RVT’s patent portfolio covers technology that has been developed and enhanced for over twenty years as well as new technology currently under development. eVf, or eVision Factory, is the brand name of the software that RVT distributes. It allows users to create scalable and robust vision guidance systems for industrial robots. Our six current patents are:
- Method and Apparatus for Single-Camera 3D Vision Guided Robotics (US 6,816, 755 B2)
- Method and Apparatus for Single Image3D Vision Guided Robotics (US 8,095,237 B2)
- System and Method of Three-Dimensional Pose Estimation (US 7,957,583 B2)
- System and Method of Determining Object Pose (US 8,437,535 B2)
- Method and Apparatus for Machine Vision (US 7,336,814 B2)
- Methods and Apparatus to Facilitate Operations in Image Based Systems (US 8,559,699 B2)
A component module of eVF is our Single Camera 3D (SC3D) technology. SC3D uses one camera to calculate vision information in six degrees of freedom. The first patent of its kind and on the above list
protects this technology. The first patent covers picking six [some times as few as four] unique features
on a part to train the vision system to recognize so that an accurate 3D position may be calculated for
the robot to go and grab a part.
The second patent covers the technology that once our vision system has been trained with a master
reference image, the part could be located anywhere in the working envelope of the robot and our
system can locate and direct/guide the robot where to go to pick the part up. The third patent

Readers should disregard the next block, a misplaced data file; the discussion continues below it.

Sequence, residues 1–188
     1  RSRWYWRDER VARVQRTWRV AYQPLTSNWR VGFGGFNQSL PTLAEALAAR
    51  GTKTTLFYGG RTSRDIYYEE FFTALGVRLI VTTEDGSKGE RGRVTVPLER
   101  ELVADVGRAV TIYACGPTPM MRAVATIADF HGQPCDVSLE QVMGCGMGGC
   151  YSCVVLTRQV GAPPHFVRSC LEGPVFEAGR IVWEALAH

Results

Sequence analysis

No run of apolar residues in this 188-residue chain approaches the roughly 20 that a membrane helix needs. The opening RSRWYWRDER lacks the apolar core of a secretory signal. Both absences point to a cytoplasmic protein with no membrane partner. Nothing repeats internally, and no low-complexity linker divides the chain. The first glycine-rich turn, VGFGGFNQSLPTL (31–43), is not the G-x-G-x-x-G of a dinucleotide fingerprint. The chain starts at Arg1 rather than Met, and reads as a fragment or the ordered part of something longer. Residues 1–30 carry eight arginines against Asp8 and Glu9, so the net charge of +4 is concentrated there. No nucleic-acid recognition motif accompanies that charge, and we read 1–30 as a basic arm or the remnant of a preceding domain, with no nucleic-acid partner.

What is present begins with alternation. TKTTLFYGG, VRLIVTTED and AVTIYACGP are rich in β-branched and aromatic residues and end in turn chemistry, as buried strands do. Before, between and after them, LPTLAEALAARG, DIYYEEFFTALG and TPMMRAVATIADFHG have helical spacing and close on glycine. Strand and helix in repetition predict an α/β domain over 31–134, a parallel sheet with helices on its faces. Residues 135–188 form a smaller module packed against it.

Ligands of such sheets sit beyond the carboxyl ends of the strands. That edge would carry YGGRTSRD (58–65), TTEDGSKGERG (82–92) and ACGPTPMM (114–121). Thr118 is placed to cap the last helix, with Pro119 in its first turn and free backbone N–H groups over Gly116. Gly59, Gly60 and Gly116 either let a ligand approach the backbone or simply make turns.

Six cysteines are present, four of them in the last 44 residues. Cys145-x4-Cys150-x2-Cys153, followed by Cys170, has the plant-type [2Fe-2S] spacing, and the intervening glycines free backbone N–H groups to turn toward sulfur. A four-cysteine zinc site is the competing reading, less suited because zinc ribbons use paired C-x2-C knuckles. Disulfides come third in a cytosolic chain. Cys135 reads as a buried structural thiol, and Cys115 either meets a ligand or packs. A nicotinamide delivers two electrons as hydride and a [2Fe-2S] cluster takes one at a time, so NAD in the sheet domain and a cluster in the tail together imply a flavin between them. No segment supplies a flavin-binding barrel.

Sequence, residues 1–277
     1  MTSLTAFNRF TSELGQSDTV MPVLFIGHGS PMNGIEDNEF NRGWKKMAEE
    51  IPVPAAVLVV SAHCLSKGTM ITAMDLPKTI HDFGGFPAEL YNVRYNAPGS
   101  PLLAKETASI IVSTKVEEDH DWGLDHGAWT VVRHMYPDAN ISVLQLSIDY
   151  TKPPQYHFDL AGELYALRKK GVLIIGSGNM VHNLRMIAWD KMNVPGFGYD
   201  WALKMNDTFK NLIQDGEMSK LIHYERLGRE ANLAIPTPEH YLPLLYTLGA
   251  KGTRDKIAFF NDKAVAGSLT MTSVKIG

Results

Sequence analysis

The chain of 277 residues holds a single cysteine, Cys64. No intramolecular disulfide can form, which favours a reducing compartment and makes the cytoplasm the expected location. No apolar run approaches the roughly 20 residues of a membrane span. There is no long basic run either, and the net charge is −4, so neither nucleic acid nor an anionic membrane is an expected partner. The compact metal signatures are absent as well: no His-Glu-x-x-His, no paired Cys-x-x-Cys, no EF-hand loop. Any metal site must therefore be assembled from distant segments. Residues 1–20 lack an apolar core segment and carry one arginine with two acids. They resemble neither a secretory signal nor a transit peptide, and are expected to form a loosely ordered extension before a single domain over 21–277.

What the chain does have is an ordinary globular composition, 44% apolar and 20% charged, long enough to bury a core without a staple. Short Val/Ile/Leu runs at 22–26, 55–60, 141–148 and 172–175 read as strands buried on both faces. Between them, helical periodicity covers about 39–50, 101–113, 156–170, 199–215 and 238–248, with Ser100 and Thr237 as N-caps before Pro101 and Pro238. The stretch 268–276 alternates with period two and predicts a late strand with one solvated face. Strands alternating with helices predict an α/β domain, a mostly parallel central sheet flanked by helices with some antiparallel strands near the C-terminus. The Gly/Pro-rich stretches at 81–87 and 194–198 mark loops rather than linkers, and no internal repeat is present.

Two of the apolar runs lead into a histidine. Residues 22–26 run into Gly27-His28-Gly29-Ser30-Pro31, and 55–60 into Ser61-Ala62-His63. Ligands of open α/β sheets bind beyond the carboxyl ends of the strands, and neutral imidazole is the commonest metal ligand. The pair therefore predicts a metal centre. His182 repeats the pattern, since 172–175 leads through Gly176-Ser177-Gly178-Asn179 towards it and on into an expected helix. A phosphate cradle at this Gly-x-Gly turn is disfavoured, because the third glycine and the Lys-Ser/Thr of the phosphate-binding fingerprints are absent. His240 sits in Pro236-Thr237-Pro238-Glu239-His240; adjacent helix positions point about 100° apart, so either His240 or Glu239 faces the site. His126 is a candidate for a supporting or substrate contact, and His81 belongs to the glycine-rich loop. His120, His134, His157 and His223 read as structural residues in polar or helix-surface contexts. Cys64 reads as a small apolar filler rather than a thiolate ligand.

reference above covers how we train a workspace using multiple 2D images and translates that into a
3D object pose.
eVF contains validation tools that are built into the software framework. These tools are unique to RVT
and include Auto Calibration (AutoCal), Automatic System Training (AutoTrain), and Automatic System
Testing (AccuTest). The fifth patent listed protects all of the equations behind these tools.
Random Bin Picking (RBP- trademark of RVT) is an add-on module to eVF that allows a robot to locate
and remove parts from a bin. These parts can be randomly placed and completely unstructured. This
sixth patent on the list above one covers technology that we use to ensure that a part will be able to be
picked from the bin until it has been completely emptied.
Two patents were filed in 2014 that cover new developments that our scientists
have been busy working on. One is for finding features on a part automatically. In our version of eVF to
date, the user has had to specify which features on a part should be used in the master image for
reference. This new patent will find features on the part automatically and our software will be smart
enough to know which features on a part are good. This patent also covers automatically controlling the
lighting conditions in a work cell. Over the course of a day, the lighting conditions may change
drastically from when the vision system was setup. This new technology is able to control the lighting
automatically using feedback from the camera. Both enhancements significantly reduce costs for the
The second new patent focuses on humans and robots sharing a work cell, a module we call Safety Net.
Currently, expensive light screens and other sensors are used to protect workers from accidentally
breaching a robot’s working envelope. This new technology uses a camera-based approach and is able
to detect an object coming into contact with a robot. The user interface allows an operator to designate
zones where the robot would either slow down or stop, based upon where the object is at with respect
to the designated zones. RVT will be filing for a ninth patent in the fourth quarter 2014 that will combine
today’s advanced computing power with robot communications and 3D vision software. Game-changer.